Civil and Human Rights

Alabama Shows Why Civil Rights Shouldn’t Be Put to a Popular Vote

Consider for a moment what would have followed if the Supreme Court had left laws that prohibited interracial marriage “up to the states.”


This is a perfect time for such reflection, as June 12, 2015, marks the 48th anniversary of the court’s historic ruling in Loving v. Virginia, a unanimous decision that struck down the laws of Virginia and 15 other states that in 1967 still prohibited interracial couples from marrying.  Loving is of particular relevance right now, with the court soon to decide, in Obergefell v. Hodges, the fate of state laws that deny same-sex couples the freedom to marry. Most important, of course, and as I’ve discussed elsewhere, is the fact that Loving provides two independent bases for the court to invalidate those laws. One is that they violate the Equal Protection Clause of the 14th Amendment, which guarantees equality under the law to all persons, and the other is that they also deny gay men and lesbians the fundamental right to marry.


But Loving is also important because it debunks a key argument the states defending their discriminatory marriage laws have made to the court in Obergefell, namely, that marriage equality for same-sex couples should be decided by state voters or state legislatures. According to defenders of these laws, the “democratic process,” not the courts, should determine the issue. This argument is wrong—in our system of federalism, the U.S. Constitution is the supreme law of the land, and the fundamental rights of minorities are not subject to a majority vote. Loving is an excellent example of why.


When Loving was decided in June 1967, nearly one-third of the states in this country prohibited an African American from marrying a white person. That’s right, in 1967. Indeed, it was only 19 years before Loving was decided that the first state court—the California Supreme Court—held that state’s ban on interracial marriage to be unconstitutional. And while 14 states repealed their own laws in the intervening two decades, 16 states were still clinging to their interracial marriage bans in June 1967. In fact, it wasn’t until the mid-1990s that a majority of Americans “approved” of interracial marriage.  These examples alone show why our governmental system wisely does not leave the constitutional rights of minorities up to the whims of a majority vote but instead obliges the courts to step in when those rights are violated.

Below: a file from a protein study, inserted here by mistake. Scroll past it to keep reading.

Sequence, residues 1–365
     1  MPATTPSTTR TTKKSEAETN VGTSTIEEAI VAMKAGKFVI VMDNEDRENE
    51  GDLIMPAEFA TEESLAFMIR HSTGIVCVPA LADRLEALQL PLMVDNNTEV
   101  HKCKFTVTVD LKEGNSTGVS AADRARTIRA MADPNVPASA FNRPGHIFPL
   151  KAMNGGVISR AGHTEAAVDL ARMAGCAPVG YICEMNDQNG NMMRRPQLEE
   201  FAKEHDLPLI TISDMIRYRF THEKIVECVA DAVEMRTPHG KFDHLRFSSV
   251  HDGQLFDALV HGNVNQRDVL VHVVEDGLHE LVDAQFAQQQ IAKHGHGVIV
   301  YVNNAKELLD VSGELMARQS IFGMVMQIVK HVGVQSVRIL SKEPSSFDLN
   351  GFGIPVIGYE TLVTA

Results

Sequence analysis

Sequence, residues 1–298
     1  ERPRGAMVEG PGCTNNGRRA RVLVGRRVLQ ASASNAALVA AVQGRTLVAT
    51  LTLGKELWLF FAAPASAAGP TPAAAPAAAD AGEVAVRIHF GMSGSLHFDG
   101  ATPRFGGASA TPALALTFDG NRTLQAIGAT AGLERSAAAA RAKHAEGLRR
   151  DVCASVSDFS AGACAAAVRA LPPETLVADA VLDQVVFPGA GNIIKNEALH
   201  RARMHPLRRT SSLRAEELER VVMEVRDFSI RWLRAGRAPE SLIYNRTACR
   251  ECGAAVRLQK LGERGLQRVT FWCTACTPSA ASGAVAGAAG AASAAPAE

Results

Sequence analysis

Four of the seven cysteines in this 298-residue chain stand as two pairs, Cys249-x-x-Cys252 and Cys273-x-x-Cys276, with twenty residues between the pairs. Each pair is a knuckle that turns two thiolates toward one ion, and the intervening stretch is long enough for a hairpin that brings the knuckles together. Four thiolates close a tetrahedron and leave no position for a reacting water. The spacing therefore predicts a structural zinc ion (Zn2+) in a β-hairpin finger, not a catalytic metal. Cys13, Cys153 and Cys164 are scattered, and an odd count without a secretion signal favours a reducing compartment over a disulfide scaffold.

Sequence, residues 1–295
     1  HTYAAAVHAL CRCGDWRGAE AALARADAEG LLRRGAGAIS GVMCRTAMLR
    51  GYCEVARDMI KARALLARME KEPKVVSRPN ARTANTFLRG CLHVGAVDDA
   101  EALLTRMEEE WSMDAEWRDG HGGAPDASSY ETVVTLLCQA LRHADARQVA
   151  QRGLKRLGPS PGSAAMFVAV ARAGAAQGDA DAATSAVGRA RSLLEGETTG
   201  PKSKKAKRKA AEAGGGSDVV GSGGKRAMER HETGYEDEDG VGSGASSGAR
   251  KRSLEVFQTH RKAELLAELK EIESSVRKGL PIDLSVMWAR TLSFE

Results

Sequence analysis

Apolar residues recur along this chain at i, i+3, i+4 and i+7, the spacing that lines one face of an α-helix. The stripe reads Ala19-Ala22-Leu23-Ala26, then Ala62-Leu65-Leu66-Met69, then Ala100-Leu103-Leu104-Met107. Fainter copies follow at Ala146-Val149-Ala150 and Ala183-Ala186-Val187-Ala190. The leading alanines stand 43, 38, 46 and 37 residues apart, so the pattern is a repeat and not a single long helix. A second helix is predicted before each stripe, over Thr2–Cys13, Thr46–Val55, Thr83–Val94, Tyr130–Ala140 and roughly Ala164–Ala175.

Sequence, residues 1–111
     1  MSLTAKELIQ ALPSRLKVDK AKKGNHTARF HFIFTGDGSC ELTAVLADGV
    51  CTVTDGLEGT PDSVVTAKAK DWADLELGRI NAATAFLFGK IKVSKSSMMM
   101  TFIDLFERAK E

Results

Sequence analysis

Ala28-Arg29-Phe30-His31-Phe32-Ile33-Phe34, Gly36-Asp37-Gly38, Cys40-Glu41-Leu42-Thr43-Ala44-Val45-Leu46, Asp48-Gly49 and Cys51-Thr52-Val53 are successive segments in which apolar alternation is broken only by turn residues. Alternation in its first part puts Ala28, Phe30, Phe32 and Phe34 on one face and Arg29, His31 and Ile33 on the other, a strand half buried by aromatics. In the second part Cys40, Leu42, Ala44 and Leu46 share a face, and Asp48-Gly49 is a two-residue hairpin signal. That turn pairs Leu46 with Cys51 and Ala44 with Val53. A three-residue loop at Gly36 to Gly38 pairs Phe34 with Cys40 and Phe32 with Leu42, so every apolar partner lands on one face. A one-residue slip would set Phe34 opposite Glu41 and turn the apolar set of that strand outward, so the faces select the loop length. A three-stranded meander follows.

Of course, there’s no way to know how long those 16 states would have continued to ban interracial marriage absent the ruling in Loving, but it’s a good bet that in some of them, there was no quick end in sight. The history of just one, Alabama, provides good evidence of that. After the court’s ruling, the affected states began to remove the now-unenforceable but still offensive interracial marriage bans from their state codes and constitutions. Astonishingly, however, the remaining years of the 20th century ticked away and still the Alabama Constitution proclaimed that, “The legislature shall never pass any law to authorize or legalize any marriage between any white person and a Negro, or descendant of a Negro.” In 1998, a measure that would have set in motion the repeal of that language “died in a legislative committee.” Died in committee in 1998!


Meanwhile, that same year, South Carolina left Alabama as the only state with an interracial marriage ban still on the books, removing its own state constitutional provision by a vote of the electorate. Even so, 38 percent of those voting opposed amending the South Carolina Constitution, preferring to keep the provision that declared, “The marriage of a white person with a Negro or mulatto … shall be unlawful and void.”


In 1999, the Alabama legislature finally sent to that state’s voters a proposed constitutional amendment to repeal the state charter’s ban on interracial marriage, although, according to CNN, “[s]ome members of the House panel reportedly balked at approving the interracial marriage bill until they were assured it would not open the door for homosexual marriages in the state.” The proposal was adopted by the voters in November 2000, and Alabama thus became the last state in the country to rid its books of a ban on interracial marriage, although, as in South Carolina, a substantial minority of Alabamians voting on this measure — 40 percent — wanted to preserve the ban, unenforceable as it was.


Fast forward to the present day, and we find Alabama now fighting tooth and nail to keep same-sex couples from marrying. Although federal Judge Callie Granade (a George W. Bush appointee, by the way) earlier this year held the state’s prohibition of same-sex marriage to be unconstitutional, the Alabama Supreme Court ordered the state’s probate judges not to issue marriage licenses to same-sex couples. While Judge Granade has made it clear that her ruling applies statewide, she has put it on hold pending the decision in Obergefell. Alabama Supreme Court Chief Justice Roy Moore (who has a history of constitutional defiance) has been particularly vociferous in fomenting resistance to Judge Granade’s ruling and has even suggested that U.S. Supreme Court Justices Ruth Bader Ginsburg and Elena Kagan should be impeached for having officiated at the weddings of same-sex couples.


Whether same-sex couples in Alabama and 13 other states around the country will continue to be denied the freedom to marry is now up to the U.S. Supreme Court. As Loving shows, this country will always have constitutional outliers when it comes to respecting the fundamental rights of minorities, and that’s where the courts come in. In Loving, as it has in many other cases, the Supreme Court fulfilled its constitutional role as the ultimate guardian of those rights. It must now do the same in Obergefell.

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